How to Find the Performance Bottlenecks in Your Django Views?

Once you have your Django projects running, you come to situations, when you need to optimize for performance. The rule of thumb is to find the bottlenecks and then to take action to eliminate them by more idiomatic Python code, database denormalization, caching, or other techniques.

What is a bottleneck? Literally it refers to the top narrow part of a bottle. In engineering, bottleneck is a case where the performance or capacity of an entire system is limited by a single or small number of components or resources.

How to find these parts of your code? The most trivial way is to check the current time before specific code execution and after that code execution, and then count the time difference:

from datetime import datetime
start = datetime.now()
# heavy execution ...
end = datetime.now()
d = end - start  # datetime.timedelta object
print d.total_seconds()  # prints something like 7.861985

However, measuring code performance for Django projects like this is inefficient, because you need a lot of such wrappers for your code until you find which part is the most critical. Also you need a lot of manual computation to find the critical parts.

Recently I found line_profiler module that can inspect the performance of the code line by line. By default, to use line_profiler for your functions, you should decorate them with @profile decorator and then to execute the script:

$ kernprof -l some_script_to_profile.py

This script will execute your script, analize the decorated function, and will save results to a binary file that can later be inspected with:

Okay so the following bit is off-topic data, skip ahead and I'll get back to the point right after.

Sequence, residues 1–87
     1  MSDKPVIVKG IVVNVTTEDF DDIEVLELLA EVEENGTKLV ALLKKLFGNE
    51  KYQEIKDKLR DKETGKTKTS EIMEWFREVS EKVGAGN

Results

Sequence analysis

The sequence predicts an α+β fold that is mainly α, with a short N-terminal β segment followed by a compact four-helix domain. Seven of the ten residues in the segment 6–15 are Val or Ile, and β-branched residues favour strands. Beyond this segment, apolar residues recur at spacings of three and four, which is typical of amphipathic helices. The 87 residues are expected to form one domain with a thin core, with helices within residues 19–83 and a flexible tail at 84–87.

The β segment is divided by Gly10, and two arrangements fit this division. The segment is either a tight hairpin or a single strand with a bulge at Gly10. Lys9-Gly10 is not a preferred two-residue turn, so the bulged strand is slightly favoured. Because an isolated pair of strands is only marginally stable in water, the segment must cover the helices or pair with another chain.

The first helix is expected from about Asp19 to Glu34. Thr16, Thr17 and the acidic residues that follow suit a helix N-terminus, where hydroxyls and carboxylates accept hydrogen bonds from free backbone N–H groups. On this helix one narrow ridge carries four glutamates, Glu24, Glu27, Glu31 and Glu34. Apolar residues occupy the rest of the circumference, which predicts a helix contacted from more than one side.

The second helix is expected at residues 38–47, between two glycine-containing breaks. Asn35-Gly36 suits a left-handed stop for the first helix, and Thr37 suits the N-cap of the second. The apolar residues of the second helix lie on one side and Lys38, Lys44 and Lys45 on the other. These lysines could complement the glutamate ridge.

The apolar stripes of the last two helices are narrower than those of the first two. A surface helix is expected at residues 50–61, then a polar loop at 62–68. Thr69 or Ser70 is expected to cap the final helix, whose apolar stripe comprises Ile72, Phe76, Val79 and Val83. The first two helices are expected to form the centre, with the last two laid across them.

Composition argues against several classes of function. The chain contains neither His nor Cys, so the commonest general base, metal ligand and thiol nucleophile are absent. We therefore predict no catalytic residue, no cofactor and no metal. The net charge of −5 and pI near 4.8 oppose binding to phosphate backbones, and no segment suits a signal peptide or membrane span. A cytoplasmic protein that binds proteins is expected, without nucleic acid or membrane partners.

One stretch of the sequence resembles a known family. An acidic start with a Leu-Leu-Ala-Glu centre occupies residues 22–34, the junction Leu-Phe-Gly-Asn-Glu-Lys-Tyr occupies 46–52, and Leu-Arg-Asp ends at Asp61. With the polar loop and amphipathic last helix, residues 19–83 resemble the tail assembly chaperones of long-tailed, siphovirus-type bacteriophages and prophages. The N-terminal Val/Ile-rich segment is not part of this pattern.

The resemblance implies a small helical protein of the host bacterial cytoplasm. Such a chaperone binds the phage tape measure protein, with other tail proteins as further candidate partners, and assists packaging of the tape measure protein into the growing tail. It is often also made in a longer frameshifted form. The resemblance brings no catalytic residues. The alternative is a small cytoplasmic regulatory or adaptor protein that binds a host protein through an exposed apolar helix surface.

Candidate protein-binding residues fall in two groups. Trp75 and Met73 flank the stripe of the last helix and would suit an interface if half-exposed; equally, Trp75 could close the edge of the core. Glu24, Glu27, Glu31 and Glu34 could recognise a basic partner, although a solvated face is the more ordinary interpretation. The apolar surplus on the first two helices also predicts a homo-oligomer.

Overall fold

$ python -m line_profiler some_script_to_profile.py.lprof

That's quite complicated, but to use line_profiler for Django views, you can install django-devserver which replaces the original development server of Django and will output the performance calculations immediately in the shell like this:

[30/Jan/2015 02:26:40] "GET /quotes/json/ HTTP/1.1" 200 137
    [sql] 1 queries with 0 duplicates
    [profile] Total time to render was 0.01s
    [profile] Timer unit: 1e-06 s

          Total time: 0.001965 s
          File: /Users/archatas/Projects/quotes_env/project/inspirational/quotes/views.py
          Function: quote_list_json at line 27

          Line #      Hits         Time  Per Hit   % Time  Line Contents
              27                                           def quote_list_json(request):
              28         1            2      2.0      0.1      quote_dict_list = []
              29         2         1184    592.0     60.3      for quote in InspirationQuote.objects.all():
              30         1            1      1.0      0.1          quote_dict = {
              31         1            1      1.0      0.1              'author': quote.author,
              32         1            1      1.0      0.1              'quote': quote.quote,
              33         1          363    363.0     18.5              'picture': quote.get_medium_picture_url(),
              34                                                   }
              35         1            1      1.0      0.1          quote_dict_list.append(quote_dict)
              37         1           42     42.0      2.1      json_data = json.dumps(quote_dict_list)
              38         1          370    370.0     18.8      return HttpResponse(json_data, content_type="application/json")

The most interesting data in this table is the "% Time" column, giving an overview in percentage which lines of the Django view function are the most time-consuming. For example, here it says that I should pay the most attention to the QuerySet, the method get_medium_picture_url() and the HttpResponse object.

To setup line profiling, install line_profiler and django-devserver to you virtual environment:

(myproject_env)$ pip install line_profiler
(myproject_env)$ pip install django-devserver

Then make sure that you have the following settings in your settings.py or local_settings.py:

# settings.py
    # ...

    # ...


    # Modules not enabled by default

DEVSERVER_AUTO_PROFILE = True  # profiles all views without the need of function decorator

When you execute

(myproject_env)$ python manage.py runserver

it will run the development server from django-devserver and for each visited view, it will show the analysis of code performance. I have tested this setup with Django 1.7, but it should work since Django 1.3.

Do you know any more useful tools to check for performance bottlenecks?